Case Study: QES Investment Ltd use a 3Com and ACT! communication solution

In the ever-mobile world of business, it is essential to have access to notes, contact details and diary schedules when away from...

In the ever-mobile world of business, it is essential to have access to notes, contact details and diary schedules when away from the office. Specialist corporate finance company QES Investment Ltd uses Personal Digital Assistants to manage far flung data needs.

QES Investment Ltd is a specialist corporate finance company that advises investors about projects in CIS countries such as Ukraine. Many of the company's operations necessitate QES' managing director, Bertrand Coste, making regular visits to these foreign territories to introduce investors to local businesses and monitor the status of ongoing projects.

An essential feature of a foreign business trips for Coste is access to an up-to-date schedule and contact list. QES decided to use PDAs as a method of compiling and updating this information, replacing their current paper-based system of filofaxes, post-it notes and telephone messages.

The main factor influencing QES' choice of PDA was their use of the ACT! personal information manager from Symantec. London co-ordinator, Catherine Lamert, has previously consulted with Symantec to develop the original English version of ACT! and, following her recommendation, QES has been using ACT! for the past four years.

Subsequently, QES was looking for a convenient ACT!-compatible portable system and settled on the 3-com PalmPilot, Lamert currently using a Palm 3 and Coste recently upgraded to the Palm 5. Coste, a native French speaker bought his Palm 5 in Switzerland and chose to run the PDA's operating system in French.

[see video]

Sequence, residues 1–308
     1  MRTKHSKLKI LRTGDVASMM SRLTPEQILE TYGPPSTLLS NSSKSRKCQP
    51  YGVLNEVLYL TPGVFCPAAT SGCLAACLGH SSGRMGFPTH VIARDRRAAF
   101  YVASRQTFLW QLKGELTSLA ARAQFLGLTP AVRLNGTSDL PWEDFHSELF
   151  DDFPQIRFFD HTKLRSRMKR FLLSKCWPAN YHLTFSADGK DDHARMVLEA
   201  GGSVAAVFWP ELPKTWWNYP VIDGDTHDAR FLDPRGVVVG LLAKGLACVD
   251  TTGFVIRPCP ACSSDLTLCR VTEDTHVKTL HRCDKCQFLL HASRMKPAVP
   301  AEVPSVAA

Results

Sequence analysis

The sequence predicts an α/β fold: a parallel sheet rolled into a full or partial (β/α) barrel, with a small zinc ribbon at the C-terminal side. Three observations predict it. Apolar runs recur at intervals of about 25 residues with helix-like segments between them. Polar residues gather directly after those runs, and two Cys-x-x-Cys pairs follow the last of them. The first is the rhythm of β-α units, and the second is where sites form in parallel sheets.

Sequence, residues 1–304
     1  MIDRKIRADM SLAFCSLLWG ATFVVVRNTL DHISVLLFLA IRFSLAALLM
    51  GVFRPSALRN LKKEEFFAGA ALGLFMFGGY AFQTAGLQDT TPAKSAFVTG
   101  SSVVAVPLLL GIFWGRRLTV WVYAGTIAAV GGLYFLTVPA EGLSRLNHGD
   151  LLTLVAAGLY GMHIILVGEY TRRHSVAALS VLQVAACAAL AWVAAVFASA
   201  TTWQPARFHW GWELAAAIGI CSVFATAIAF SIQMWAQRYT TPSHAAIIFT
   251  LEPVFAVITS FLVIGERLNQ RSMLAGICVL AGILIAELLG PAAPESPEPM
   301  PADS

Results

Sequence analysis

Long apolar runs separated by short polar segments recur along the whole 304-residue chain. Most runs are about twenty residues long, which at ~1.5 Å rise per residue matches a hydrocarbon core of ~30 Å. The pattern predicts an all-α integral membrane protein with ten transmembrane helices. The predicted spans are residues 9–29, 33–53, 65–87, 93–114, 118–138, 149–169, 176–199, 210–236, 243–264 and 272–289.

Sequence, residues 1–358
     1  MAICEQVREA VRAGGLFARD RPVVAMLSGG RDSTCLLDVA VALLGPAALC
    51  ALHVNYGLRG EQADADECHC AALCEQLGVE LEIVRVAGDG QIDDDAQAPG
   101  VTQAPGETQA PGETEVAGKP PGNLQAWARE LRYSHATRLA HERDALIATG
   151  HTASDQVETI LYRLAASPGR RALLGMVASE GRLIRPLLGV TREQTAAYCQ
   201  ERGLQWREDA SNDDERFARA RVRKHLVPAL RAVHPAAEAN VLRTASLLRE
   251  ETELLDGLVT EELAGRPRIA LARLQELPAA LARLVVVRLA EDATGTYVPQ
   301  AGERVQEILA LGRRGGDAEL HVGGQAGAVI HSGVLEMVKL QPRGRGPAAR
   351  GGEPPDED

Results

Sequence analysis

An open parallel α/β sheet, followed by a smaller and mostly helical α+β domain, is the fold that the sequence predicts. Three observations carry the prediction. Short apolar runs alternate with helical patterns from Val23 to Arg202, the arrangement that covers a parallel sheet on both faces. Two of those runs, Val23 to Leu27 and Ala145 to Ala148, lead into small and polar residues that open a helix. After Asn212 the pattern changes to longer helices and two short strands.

When working in London, both Coste's and Lamert's schedules and contacts are managed by ACT! for Windows and kept synchronised via QES' peer to peer Local Area Network (LAN). The information is then transferred to their respective Palm Pilots using the 3-Com "hotsync cradle", an interface that communicates with a computer via a serial connection. This can also be done over the network if needed.

During foreign trips, changes in calendar and contact details are relayed to Coste via an email to his laptop computer. The appropriate changes are then entered into his Palm 5 by hand.

However, QES is currently moving to a more efficient system, whereby the email can be sent directly to Coste's Palm 5 via an infrared connection with his Ericsson mobile phone that contains a built in modem. This method allows QES to "hotsync" Coste's Palm 5 remotely, updating any information automatically.

This will mean lighter travelling for Coste as he will no longer need to take his laptop abroad for this purpose. The Palm V can also be used to send and receive short emails and send faxes using the infrared port and a compatible GSM phone.

[See PowerPoint presentation]

QES didn't subscribe to any formal program of training when they replaced their existing system with PDA technology, preferring what they describe as a "trial and error" approach to incorporating the organisers. However, both Catherine Lamert and Bertrand Coste made use of the built in tutorial that covers most basic features.

Despite its apparent usefulness, QES still considers the PalmPilot to have a number of shortcomings. The PalmPilot "graffiti" function, a system that allows you to "write" on the PalmPilot's touch-sensitive screen using a standard vocabulary of strokes, has unimpressed Catherine Lamert. She prefers to enter text into the organiser using the onscreen keyboard. Lamert also commented on the PalmPilot's display, saying that, at times, she found it difficult to read. However, these are not considered serious drawbacks when compared to the PalmPilot's success at managing personal information.

By Richard Pitt

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